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Before we get too euphoric over the European Union’s $1 trillion rescue plan, take a look at these names. They’re  distressingly familiar.

Fortis (FORSY). Dexia (DXBGY). Societe Generale (SCGLY). BNP Paribas (BNPQF). ING (ING).  Barclays (BCS). Deutsche Bank (DB).

Remember them? They were so neck-deep in the Lehman/American International Group/mortgage-backed assets debacle that they required government bailouts. (Deutsche Bank may quibble. It got its cash from American International Group (AIG), so technically I suppose it didn’t get government money, but since the AIG payout used cash from a government bailout of that company, I think it’s a distinction without a difference.)

And now? Well, they all make the short list of European banks most at risk in the Greek debt crisis.

Still. Even after the $1 trillion rescue.

The plan announced by European Union politicians over the weekend is a bailout plan, remember. That implies that there are banks they might be in need of rescue. The plan really doesn’t change the risky assets on these bank’s balance sheets into gold or German bunds. The hope is that by putting the rescue plan in place, investors won’t sell the bonds of Greece and Spain and Portugal and push banks loaded up with these bonds into deeper trouble.

But it’s only a hope. And if you want to understand why European leaders were so anxious to get this deal done before the financial market’s opened on Monday May 10 look at this list.

Want to know how dangerous the Greek (soon to become the Greek/Spanish) crisis is? Look at these banks.(For more on Spain’s progress to crisis see my post )

Want to understand why this is serious but not a replay of the chaos that followed on the collapse of Lehman Brothers? Look at these banks.

Want to know why investors are right to worry about contagion and the risk that other banks will catch what these banks have? Look at these banks.

Okay, let’s start with the data on how much money is at risk at each bank. (The Financial Times put this all together in a table in their Thursday, May 2010 paper.)

Fortis holds $5 billion in Greek bonds. Dexia holds $4 billion. Societe Generale $5.2 billion. BNP Paribas $8 billion. ING $4.6 billion. Barclays $6 billion. And Deutsche Bank $2.6 billion.

Altogether a hefty $35.4 billion in Greek bonds.

Now I know that seems like a lot of money but in the scale of recent financial crisis it’s not all that much. In fact, if you compare these amounts to what it took to bailout these banks in the aftermath of the Lehman bankruptcy, then $35.4 billion is pocket change.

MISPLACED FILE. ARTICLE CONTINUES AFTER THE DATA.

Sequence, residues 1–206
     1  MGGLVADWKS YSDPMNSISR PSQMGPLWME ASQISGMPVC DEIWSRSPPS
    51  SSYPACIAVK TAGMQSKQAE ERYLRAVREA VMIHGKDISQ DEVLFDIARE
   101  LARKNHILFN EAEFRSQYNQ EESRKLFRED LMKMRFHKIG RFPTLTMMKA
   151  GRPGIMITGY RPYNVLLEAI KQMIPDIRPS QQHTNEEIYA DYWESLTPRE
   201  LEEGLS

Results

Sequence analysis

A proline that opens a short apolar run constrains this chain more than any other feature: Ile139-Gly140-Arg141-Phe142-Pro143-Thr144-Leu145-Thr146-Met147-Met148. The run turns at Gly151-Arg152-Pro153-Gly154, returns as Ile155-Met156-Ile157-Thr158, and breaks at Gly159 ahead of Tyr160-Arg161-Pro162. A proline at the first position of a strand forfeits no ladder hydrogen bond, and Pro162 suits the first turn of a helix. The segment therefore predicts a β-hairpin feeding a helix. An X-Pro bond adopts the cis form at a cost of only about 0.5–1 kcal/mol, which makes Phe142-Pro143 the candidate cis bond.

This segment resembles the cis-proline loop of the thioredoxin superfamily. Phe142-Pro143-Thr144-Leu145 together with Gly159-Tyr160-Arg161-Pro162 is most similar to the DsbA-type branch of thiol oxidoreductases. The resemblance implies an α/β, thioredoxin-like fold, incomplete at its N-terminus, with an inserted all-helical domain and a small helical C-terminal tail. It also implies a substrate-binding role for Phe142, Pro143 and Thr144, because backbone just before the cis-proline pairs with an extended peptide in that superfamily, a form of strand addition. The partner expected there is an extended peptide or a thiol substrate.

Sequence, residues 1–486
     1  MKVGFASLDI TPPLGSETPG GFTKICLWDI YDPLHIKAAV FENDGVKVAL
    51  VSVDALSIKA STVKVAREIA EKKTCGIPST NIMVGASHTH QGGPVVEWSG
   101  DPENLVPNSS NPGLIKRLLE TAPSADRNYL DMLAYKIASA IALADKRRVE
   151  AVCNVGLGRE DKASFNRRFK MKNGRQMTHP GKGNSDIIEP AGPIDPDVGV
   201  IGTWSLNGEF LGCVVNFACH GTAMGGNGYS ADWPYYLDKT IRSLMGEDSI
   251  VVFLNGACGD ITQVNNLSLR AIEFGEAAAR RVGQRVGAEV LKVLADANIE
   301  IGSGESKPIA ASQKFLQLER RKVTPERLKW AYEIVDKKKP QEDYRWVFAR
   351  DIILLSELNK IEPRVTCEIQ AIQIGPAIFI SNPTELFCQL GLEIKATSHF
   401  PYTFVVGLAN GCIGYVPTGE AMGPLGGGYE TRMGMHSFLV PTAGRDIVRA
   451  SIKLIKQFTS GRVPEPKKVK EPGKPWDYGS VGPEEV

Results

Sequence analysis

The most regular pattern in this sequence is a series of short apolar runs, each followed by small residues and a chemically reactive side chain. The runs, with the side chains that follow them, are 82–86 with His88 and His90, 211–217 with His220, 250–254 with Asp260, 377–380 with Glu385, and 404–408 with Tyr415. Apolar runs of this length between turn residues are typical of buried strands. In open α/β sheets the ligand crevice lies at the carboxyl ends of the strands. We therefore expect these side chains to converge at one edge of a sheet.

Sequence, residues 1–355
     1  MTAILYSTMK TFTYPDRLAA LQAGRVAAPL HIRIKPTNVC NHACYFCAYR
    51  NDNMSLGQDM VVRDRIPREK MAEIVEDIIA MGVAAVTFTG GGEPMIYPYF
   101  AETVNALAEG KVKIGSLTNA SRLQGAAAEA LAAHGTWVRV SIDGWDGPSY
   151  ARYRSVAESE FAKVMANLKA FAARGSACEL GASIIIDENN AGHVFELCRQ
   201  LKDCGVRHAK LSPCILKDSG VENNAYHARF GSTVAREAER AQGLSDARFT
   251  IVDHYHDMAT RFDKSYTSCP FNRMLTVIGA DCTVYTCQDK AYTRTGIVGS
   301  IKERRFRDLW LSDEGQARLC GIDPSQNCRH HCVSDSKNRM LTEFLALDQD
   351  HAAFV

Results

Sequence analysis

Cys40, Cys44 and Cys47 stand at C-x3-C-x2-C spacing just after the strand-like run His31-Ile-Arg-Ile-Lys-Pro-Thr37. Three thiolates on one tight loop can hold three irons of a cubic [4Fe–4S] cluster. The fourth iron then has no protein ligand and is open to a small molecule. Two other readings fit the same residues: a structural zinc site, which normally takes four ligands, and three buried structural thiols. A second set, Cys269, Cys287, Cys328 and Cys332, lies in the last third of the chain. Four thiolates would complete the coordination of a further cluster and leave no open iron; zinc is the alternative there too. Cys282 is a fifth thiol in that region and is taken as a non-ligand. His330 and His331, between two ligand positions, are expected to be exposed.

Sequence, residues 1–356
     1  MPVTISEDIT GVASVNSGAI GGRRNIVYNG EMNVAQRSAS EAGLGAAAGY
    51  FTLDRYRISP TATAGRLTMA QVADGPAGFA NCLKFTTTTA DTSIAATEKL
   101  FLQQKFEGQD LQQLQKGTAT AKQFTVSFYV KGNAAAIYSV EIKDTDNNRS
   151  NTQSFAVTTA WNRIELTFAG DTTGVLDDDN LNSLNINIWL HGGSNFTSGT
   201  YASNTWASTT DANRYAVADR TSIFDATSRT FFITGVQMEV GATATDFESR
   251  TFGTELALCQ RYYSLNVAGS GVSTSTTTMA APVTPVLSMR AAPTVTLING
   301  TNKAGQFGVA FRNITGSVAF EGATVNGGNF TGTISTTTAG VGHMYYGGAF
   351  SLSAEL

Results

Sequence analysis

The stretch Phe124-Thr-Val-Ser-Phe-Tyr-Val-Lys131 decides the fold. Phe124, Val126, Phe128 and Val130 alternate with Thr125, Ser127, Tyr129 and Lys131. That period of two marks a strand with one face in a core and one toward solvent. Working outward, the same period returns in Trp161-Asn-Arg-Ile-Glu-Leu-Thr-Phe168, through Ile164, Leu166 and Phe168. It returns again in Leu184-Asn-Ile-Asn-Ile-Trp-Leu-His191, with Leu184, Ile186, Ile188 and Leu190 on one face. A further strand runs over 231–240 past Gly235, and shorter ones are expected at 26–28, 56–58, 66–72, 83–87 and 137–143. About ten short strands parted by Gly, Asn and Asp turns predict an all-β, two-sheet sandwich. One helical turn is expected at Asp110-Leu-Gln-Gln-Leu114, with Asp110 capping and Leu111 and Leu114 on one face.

The governments of Belgium, the Netherlands, and Luxembourg bailed out Fortis to the tune of $16 billion or so The Dutch government injected $13.4 billion into ING. France, Belgium, and Luxembourg put $9 billion into Dexia. France bought $13.9 billion in debt securities from six banks, including Societe Generale and BNP Paribas, and then later lent an additional $7.4 billion to BNP Paribas.

I think you get the idea.

But on another scale these sums seem absolutely large enough to recreate the dynamic that made the post-Lehman crisis so devastating. The basis of the post-Lehman crisis was fear. Banks that had become accustomed to finding their capital in the financial markets by selling short-term commercial paper found themselves forced to borrow for shorter and shorter time periods as buyers of bank debt tried to limit their risk by extending money for as few days as possible. Eventually those few days turned into no days and these banks found themselves unable to get financing at all.

Something similar had started to happen in the European banking sector in the days before the rescue. Banks were increasingly unwilling to lend to each other for any period longer than overnight. Of the almost $600 billion that turns over every day in the Euro zone money market sector 90% was now lent not for 90, 30, 14 or even seven days but overnight.

The fear that’s behind the unwillingness to lend comes from massive uncertainty. Some banks look in trouble even if you look at just Greek debt and use a relatively strict but straight forward measure such as the ratio of Greek debt to tangible net asset value. (Net asset value is the value of a company’s assets that remains after all liabilities have been subtracted. Tangible net asset value excludes intangible assets such as goodwill by assuming that such assets are worthless.) At Fortis Greek debt equals more than 60% of tangible net asset value. At Dexia the ratio is 30%.  Both numbers are high enough to make potential buyers of short-term paper from these banks shy away.

But even banks with much lower ratios such as Societe Generale, BNP Paribas, ING, Barclays, and Deutsche Bank where Greek debt represents from a little more than 10% (at Societe Generale) to just over 5% (at Deutsche Bank aren’t worry free.